Deborah Sontag, who was in Jerusalem for the Times for almost three years starting in August 1998, remains the only woman to have served in the post. Her time there was, by all accounts, an unhappy one for her. She was the only one of several editors and former correspondents at the paper who declined outright to be interviewed about her experience. “I just can’t imagine that anything I have to say about the period would be illuminating,” she wrote, “and it may be troubling to me.”
Sontag had been well regarded at the Times for what Bill Keller, a former executive editor, described as “her vivid writing” which was often deployed to emphasize the human aspect of a story. But numerous people at the Times say that she did not feel fondly about Israel during her tour there and was stressed by the immediacy of the story and the intensity of the scrutiny of her coverage.
Jeffrey Goldberg, who has covered Israel and the Middle East for The New Yorker and The Atlantic, said her work, more than any other Times reporter’s, seemed to reflect that very liberal segment of America that has grown impatient with Israel, and skeptical of Israelis. “It represented an approach to Israel that is best seen these days on American universities,” he said.
Goldberg, who identifies as an American Jew, served in the Israeli army as a young man. He is regarded by many as openly pro-Israel, but his view of Sontag’s coverage resembles that of many others and is noteworthy because of a different reason: Lelyveld, then executive editor, said the Times thought seriously about hiring him to succeed her as Jerusalem bureau chief.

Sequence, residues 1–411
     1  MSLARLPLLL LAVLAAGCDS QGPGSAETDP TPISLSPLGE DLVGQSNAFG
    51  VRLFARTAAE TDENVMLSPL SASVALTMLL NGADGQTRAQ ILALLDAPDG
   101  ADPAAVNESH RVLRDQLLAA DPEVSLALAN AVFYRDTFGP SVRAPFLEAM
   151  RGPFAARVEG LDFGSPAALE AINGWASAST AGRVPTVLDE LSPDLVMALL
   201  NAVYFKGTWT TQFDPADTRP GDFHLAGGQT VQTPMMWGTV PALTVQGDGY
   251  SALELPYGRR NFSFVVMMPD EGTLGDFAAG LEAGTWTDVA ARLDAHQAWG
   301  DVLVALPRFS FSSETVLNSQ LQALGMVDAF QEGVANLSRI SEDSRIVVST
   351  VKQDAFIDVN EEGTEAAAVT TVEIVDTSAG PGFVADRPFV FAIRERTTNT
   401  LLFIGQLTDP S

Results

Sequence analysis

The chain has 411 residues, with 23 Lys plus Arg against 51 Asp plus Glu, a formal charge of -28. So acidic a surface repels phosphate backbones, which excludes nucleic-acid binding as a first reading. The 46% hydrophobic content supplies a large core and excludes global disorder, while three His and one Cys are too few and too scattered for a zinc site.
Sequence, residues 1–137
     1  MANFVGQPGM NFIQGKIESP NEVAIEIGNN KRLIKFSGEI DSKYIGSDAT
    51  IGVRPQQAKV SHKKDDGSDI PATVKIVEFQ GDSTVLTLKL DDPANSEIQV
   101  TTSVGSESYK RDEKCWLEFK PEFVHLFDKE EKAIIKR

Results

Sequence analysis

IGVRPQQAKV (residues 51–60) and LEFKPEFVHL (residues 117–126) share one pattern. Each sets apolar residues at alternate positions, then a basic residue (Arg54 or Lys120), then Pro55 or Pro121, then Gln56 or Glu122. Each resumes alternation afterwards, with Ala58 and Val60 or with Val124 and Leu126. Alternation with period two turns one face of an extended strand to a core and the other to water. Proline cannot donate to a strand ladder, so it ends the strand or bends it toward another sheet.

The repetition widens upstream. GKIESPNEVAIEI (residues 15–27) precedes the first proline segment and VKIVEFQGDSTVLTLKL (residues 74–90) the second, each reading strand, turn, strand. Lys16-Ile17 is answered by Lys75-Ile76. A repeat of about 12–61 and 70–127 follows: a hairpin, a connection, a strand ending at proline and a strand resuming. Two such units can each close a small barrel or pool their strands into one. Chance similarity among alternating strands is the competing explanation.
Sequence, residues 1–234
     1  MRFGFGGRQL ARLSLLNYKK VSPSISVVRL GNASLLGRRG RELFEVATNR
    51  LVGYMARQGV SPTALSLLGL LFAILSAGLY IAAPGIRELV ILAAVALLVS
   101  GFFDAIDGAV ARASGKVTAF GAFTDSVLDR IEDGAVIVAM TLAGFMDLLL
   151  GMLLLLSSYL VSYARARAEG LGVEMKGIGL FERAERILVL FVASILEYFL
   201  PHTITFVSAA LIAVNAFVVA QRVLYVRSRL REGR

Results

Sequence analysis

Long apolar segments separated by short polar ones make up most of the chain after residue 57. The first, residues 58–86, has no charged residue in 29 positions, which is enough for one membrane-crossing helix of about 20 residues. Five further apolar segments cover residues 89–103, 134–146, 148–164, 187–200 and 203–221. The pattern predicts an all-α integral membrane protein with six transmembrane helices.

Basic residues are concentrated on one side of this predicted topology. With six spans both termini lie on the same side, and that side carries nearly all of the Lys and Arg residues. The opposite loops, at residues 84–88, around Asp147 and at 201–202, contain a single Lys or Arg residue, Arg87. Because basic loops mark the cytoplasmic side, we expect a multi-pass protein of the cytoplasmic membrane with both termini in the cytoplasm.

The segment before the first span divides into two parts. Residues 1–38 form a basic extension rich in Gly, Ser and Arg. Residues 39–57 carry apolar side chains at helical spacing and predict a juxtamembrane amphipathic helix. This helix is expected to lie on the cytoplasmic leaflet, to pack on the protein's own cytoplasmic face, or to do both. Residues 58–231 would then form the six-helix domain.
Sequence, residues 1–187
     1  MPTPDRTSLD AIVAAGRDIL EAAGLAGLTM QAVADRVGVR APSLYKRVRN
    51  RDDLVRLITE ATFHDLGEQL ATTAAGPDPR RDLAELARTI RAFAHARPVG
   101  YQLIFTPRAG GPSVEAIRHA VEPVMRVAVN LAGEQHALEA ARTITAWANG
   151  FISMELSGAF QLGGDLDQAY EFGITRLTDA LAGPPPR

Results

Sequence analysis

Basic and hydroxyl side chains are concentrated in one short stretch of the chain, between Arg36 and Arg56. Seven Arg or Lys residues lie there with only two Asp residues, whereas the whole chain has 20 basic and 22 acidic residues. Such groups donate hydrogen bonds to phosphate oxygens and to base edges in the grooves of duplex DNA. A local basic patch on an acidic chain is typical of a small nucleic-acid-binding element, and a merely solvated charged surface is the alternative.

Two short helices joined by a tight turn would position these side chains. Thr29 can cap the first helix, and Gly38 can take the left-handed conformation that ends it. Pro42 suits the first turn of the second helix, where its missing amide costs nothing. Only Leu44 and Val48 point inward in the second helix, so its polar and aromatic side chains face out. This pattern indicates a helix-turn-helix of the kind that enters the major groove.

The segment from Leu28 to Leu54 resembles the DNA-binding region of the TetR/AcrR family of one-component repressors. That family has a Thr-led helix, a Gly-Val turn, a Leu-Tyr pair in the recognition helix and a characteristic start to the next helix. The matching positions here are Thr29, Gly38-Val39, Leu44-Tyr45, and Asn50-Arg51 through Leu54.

Lelyveld, who praised Sontag’s coverage, said he met with Goldberg over breakfast during Sontag’s time in Jerusalem as part of this process. Goldberg remembers a breakfast, but says he was not approached about the job at that time. In 2004, Bill Keller, then executive editor, says he and Jill Abramson, then managing editor, met with Goldberg in Washington to pursue him for the position.
In seriously considering Goldberg for the job, the editors of the Times must have known they would be getting something decidedly different from Sontag’s tenure, when criticism of the Times by Israel’s supporters had swelled.
Sontag’s most controversial piece was an unusually long (nearly five thousand words) analysis of why the July 2000 Camp David peace talks between Yasser Arafat and Ehud Barak, midwifed by President Bill Clinton, did not yield a settlement. Published on the one-year anniversary of the talks’ failure, the article testily disputed the conventional wisdom that the Palestinian side was mostly at fault, that Arafat could not bring himself to cut a deal—perhaps because he was not made for negotiating peace after all his years of running a war operation or because he thought he would be discredited by hardliners.
Sontag’s article shifted a significant portion of the blame onto the Israelis and the Americans, and was a surprising departure from what most people believed at the time. It paralleled a minority view espoused in The New York Review of Books by Robert Malley, an adviser to President Clinton.
She wrote that, “A potent, simplistic narrative has taken hold in Israel and to some extent in the United States. It says: Mr. Barak offered Mr. Arafat the moon at Camp David last summer. Mr. Arafat turned it down.” While that was a caricature of the general view, and thus a bit of a straw man, she went on to argue that the Israelis and the Americans bore far more of the blame than had generally been believed.
In an editorial on July 28, the Times noted Sontag’s report but failed to express any support for her approach, pointedly saying that the Israeli prime minister, Ehud Barak, had brought “a daring offer” to Camp David. Arafat, the editorial noted, did not offer any proposals of his own.